While yields and growing conditions are important, another major factor in fuel production is its environmental impact. Sulfur oxides, being one of the primary pollutants in diesel fuel, are a vital thing to measure when gaging its environmental effects. Biodiesels generally have extremely small amounts sulfur compared to standard diesel, which is part of what makes them more environmentally friendly. Hemp biodiesel, however, has some of the lowest sulfur content of any biodiesel. It has roughly 50% less sulfur than soybean, 80% less sulfur than canola, and over 90% less sulfur than oil palm. This means its one of the cleanest biodiesels among the leading competition.
Another environmental concern regarding fuels are their carbon dioxide emissions. No matter what, burning fuels will always produce carbon dioxide, but the hemp plant is unique in that it has significant carbon sequestering properties. Hemp can absorb up to 15 tonnes of CO2 per acre cultivated, allowing the plants themselves to diminish the carbon footprint of the fuel they produce. Because of this, hemp biodiesel is considered a carbon neutral alternative for standard diesel fuel.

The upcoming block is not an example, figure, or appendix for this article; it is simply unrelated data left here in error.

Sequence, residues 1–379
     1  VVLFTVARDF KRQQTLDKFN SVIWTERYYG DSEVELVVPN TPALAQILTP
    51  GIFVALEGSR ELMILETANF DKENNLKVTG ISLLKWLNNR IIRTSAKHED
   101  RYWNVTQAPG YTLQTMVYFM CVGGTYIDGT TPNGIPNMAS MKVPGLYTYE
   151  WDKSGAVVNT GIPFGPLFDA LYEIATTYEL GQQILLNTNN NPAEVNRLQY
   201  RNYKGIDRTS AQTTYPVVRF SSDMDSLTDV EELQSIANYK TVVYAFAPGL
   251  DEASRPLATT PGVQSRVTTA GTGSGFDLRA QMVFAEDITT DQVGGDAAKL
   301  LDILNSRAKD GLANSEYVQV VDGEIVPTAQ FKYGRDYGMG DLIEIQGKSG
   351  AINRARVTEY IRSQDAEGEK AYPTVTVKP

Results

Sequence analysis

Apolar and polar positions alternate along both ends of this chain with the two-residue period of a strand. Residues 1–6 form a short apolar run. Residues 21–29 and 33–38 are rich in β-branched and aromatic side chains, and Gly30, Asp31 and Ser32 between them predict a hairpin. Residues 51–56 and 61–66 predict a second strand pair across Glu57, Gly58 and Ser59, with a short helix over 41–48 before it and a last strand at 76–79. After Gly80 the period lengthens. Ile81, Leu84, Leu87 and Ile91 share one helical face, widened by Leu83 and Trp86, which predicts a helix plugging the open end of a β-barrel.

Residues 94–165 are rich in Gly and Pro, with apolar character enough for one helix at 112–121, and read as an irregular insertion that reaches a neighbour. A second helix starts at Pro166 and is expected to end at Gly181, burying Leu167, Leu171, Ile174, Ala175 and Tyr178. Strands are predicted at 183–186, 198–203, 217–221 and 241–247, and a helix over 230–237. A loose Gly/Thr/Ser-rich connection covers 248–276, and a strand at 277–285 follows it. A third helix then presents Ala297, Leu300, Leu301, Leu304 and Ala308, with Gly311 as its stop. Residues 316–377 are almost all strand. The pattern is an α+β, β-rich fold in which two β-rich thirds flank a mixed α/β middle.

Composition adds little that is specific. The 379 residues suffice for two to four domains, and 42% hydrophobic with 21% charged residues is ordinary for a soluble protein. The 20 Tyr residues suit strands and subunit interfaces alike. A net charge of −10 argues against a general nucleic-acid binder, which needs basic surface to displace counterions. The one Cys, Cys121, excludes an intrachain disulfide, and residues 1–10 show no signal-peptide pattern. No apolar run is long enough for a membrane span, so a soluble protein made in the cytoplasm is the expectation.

Aside from all the great sustainable advantages of producing biodiesel from hemp is that it only requires oil from the seeds, allowing the crop to be harvested and used for other purposes. While there is a large range of practical applications for industrial hemp, in regards to producing biofuel it has a very distinct benefit over other crops. The hemp plant is one of the few plants that produces a high yield in both oil and biomass. While the oil can be used to produce biodiesel, the biomass can be used to produce bioethanol, another environmentally friendly biofuel. When this is coupled with the fact that hemp outproduces almost every other crop in biodiesel, it becomes quite clear that industrial hemp has the potential to be a disruptor in clean energy.